Flood, fire and storm: How to keep your business protected

From droughts to floods and everything in between, businesses are facing a range of environmental risks and extreme weather events that can take a fatal bite out of your bottom line. Whether you’re a farmer, a finance executive, run a manufacturing business or own a retail store, here’s what you need to know about insurance for environmental and natural hazard risks.


Agriculture: Looking after our farmers

Farmers are fighting wars on multiple fronts. Recent droughts have put many farmers out of business, then there are other environmental risks such as excess rainfall, high winds, bushfires, pest plagues and wildlife damage that can also destroy crops – and livelihoods – in a flash. And if that wasn’t enough to worry about, farmers must also consider their own compliance with environmental regulations such as the safe storage of contaminants.

Suggested policies: A typical crop insurance policy will cover the risks of chemical over-spray, while sudden and accidental pollution is covered by public liability insurance. Multi-peril crop insurance and named peril crop insurance also provide coverage against a range of environment threats including drought.


Professional services and finance: Taking care of business

Environmental disasters such as extreme weather events can take a significant toll on professional services and finance businesses. Losing power and internet or phone connections can disrupt business operations for significant periods, and natural disasters can physically damage office premises and essential equipment such as onsite servers. Professional services firms that predominately serve local businesses may also experience a drop in income if a natural disaster puts client businesses offline for an extended period.

Suggested policies: A property insurance policy that protects your professional services or finance business against damage caused by fire, flood and other natural disasters is a must. You may also consider insuring expensive equipment such as computer hardware and onsite servers, and a business interruption policy will help protect your income if a natural disaster closes down your operations for an extended period.


Manufacturing: Protecting the production line

In addition to the above natural hazards that could damage property or interrupt operations, many manufacturing businesses must also contend with environmental liability. That means manufacturing businesses are often legally and financially responsible for any environmental damage caused by their operations. This includes proper waste disposal, accidental chemical spills and gradual pollution.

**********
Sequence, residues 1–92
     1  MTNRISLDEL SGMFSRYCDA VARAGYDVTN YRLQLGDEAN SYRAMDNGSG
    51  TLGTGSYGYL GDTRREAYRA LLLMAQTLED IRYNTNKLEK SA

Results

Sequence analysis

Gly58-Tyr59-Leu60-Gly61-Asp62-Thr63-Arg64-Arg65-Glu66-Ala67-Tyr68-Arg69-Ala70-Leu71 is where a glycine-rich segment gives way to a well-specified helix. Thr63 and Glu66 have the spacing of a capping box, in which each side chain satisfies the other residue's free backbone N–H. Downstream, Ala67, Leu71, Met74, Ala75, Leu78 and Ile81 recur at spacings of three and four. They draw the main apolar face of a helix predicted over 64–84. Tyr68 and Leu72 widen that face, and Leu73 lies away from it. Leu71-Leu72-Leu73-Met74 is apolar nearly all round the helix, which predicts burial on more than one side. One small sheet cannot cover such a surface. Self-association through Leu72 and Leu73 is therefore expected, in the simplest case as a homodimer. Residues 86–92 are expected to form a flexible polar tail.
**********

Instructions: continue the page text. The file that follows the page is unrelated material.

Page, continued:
Suggested policies: Environmental impairment liability insurance provides coverage against a range of environmental exposures, including onsite and offsite clean-up costs, legal costs associated with defending violations of environmental regulations and business interruption expenses.


Retail: Securing consumer spending

Retail businesses are also vulnerable to environmental risk factors. Most brick-and-mortar retail stores hold significant inventory on their premises, and natural disasters such as hail, cyclones and floods can not only cause structural damage, but also destroy your saleable goods. Storm damage from extreme weather events may also force you to close your doors while physical store damage is repaired.

Suggested policies: A comprehensive Business Insurance policy including property damage and business interruption is essential to provide cover where your buildings, contents and stock are damaged by extreme weather events such as storm, wind, rain and hail.

Check that your policy includes emergency response cover that pays your reasonable costs to make the premises safe and secure following an extreme weather event. This may include such costs as temporary repairs to make the premises safe or the costs of hiring security guards.

Important disclaimer – Steadfast Group Limited ABN 98 073 659 677, its subsidiaries and its associates.

The views expressed are those of the author only and do not necessarily reflect those of Steadfast.

This magazine provides information rather than financial product or other advice. The content of this magazine, including any information contained on it, has been prepared without taking into account your objectives, financial situation or needs. You should consider the appropriateness of the information, taking these matters into account, before you act on any information. In particular, you should review the product disclosure statement for any product that the information relates to it before acquiring the product.

Information is current as at the date articles are written as specified within them but is subject to change. Steadfast, its subsidiaries and its associates make no representation as to the accuracy or completeness of the information. Various third parties, including Know Risk, have contributed to the production of this content. All information is subject to copyright and may not be reproduced without the prior written consent of Steadfast Group Limited.

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